Posted on: 3 April 2023

The story and image on this page is from the Helpforce website.

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Originally from Mexico City, Marlen has worked across the Americas, but when her husband got a job in the UK, she unexpectedly found herself at a crossroads, unsure about what to do next in her career. When she heard about the Volunteer to Career programme, Marlen discovered that there was more to life than finance.

"…I thought it would be like an admin call to arrange to send important documents to someone. But when I listened, I realised the nurse was chasing an approval to get medication for a patient who was in their last days of life.”

Marlen's story

I’ve always worked for financial institutions in different roles, but also volunteered at a children’s centre in Mexico City as well as an immigrant’s centre in the USA. Although working for financial institutions was a great career path from an economic perspective, I never felt the same sense of impact in my work as I did when volunteering. Then my husband got a job in the UK, so we moved over here and suddenly I had no job and no idea on what I wanted to do next. When you come from a different country and you don’t know anybody, it can be a challenging experience. But as a newcomer I believe it is my responsibility to contribute.

I’ve always been interested in healthcare and admire the NHS, but I feel I didn’t have the qualifications to contribute. However, having an opportunity to see NHS staff treat their patients, inspired me to try volunteering. So, in August 2022, I signed up to the volunteer programme with Central and North West London NHS Foundation Trust and have been volunteering with the Palliative Care Team. The experience has been amazing.

Volunteering in palliative care

Volunteering in palliative care really put things into perspective for me. My role is to support nurses who go to visit patients of all ages. Some would be elderly and frail. Others would be younger and had been at work a few weeks earlier. Some were parents worrying how their children would cope after they died. Palliative care is complex and can be hard, but I was helping staff to make someone more comfortable and enjoy the time that really matters. Being so close to people at the end of their life reminds you that the things we worry about at our desk jobs in finance, don’t matter that much.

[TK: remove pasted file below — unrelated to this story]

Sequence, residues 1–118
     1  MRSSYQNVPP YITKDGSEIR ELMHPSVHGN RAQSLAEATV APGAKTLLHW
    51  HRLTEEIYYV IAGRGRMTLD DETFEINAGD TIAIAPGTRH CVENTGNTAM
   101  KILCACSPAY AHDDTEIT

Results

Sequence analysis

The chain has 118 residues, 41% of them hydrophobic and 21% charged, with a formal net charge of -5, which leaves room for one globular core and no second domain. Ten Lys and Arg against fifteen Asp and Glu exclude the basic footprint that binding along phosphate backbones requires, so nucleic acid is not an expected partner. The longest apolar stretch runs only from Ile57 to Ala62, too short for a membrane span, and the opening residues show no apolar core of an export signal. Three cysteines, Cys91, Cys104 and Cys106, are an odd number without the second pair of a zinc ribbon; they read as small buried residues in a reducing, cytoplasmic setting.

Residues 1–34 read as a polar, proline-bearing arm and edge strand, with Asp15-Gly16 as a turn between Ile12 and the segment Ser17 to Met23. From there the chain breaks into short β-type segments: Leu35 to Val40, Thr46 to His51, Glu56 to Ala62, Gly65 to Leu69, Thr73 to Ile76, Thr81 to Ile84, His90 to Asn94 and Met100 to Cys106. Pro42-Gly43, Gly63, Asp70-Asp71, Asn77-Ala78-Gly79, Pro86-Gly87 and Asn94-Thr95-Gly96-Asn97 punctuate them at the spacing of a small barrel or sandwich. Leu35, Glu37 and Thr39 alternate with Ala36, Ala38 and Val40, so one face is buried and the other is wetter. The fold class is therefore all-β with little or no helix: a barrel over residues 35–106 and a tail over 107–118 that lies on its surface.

“In my role when someone says, 'this is urgent' they are talking about providing as much quality of life they can for someone who is dying.”


I also helped my manager with a new project to help nurses find the clinical materials they needed to visit patients at home. We launched this new system where we prepared boxes with all the different types of equipment staff might need when visiting patients at home. The aim was to reduce the time spent looking for things the nurses need. With little time nurses want to make their patients as comfortable as possible. There is so much effort going on behind the scenes and I don’t think people outside of the NHS realise the amount of work clinical staff do to keep this big machine working.

Finding a job

I never imagined that I would be applying for a role in the NHS. And yet, that’s what’s happened! In October 2022, I signed up for the Volunteer to Career Program, and my VtC manager played an instrumental role in identifying how my skills and experience in financial institutions could be applied to benefit the NHS in a paid role. That gave me the confidence to apply for a job that I believe will provide me with a new career path. I am extremely interested in data and analytics, which is why I have applied for a Data Analyst job with the Child and Adolescent Mental Health Services (CAMHS) team at Central and North West London NHS Foundation Trust. If I don’t get the job, I will keep volunteering and applying for other roles at the trust.

Challenges and support

The biggest barrier to applying for a job in the NHS was overcoming my worry over my lack of healthcare experience. But with support from my manager in the Palliative Care Team and the VtC program managers, I realised I have a lot to offer the NHS. I am really interested in pursuing a career in the NHS and am open to exploring different roles. For example I used to apply behavioural economics in my previous job, which is where you use research and data insights to influence people’s decision making. Perhaps this is something I might be able to help the NHS with as they treat patients and guide people toward better health.

The future

I will continue to volunteer even after I start working. My managers have been amazingly supportive! They have taken great care of me which for someone new to the country, I really appreciated and I feel a responsibility to give something back to the country that has welcomed my husband and I with open arms. Volunteering has been an effective way for me to understand UK culture, explore a new career path, and to feel like I belong in a place that one day, I hope to call my home.

You can learn more about the Volunteer to Career programme here.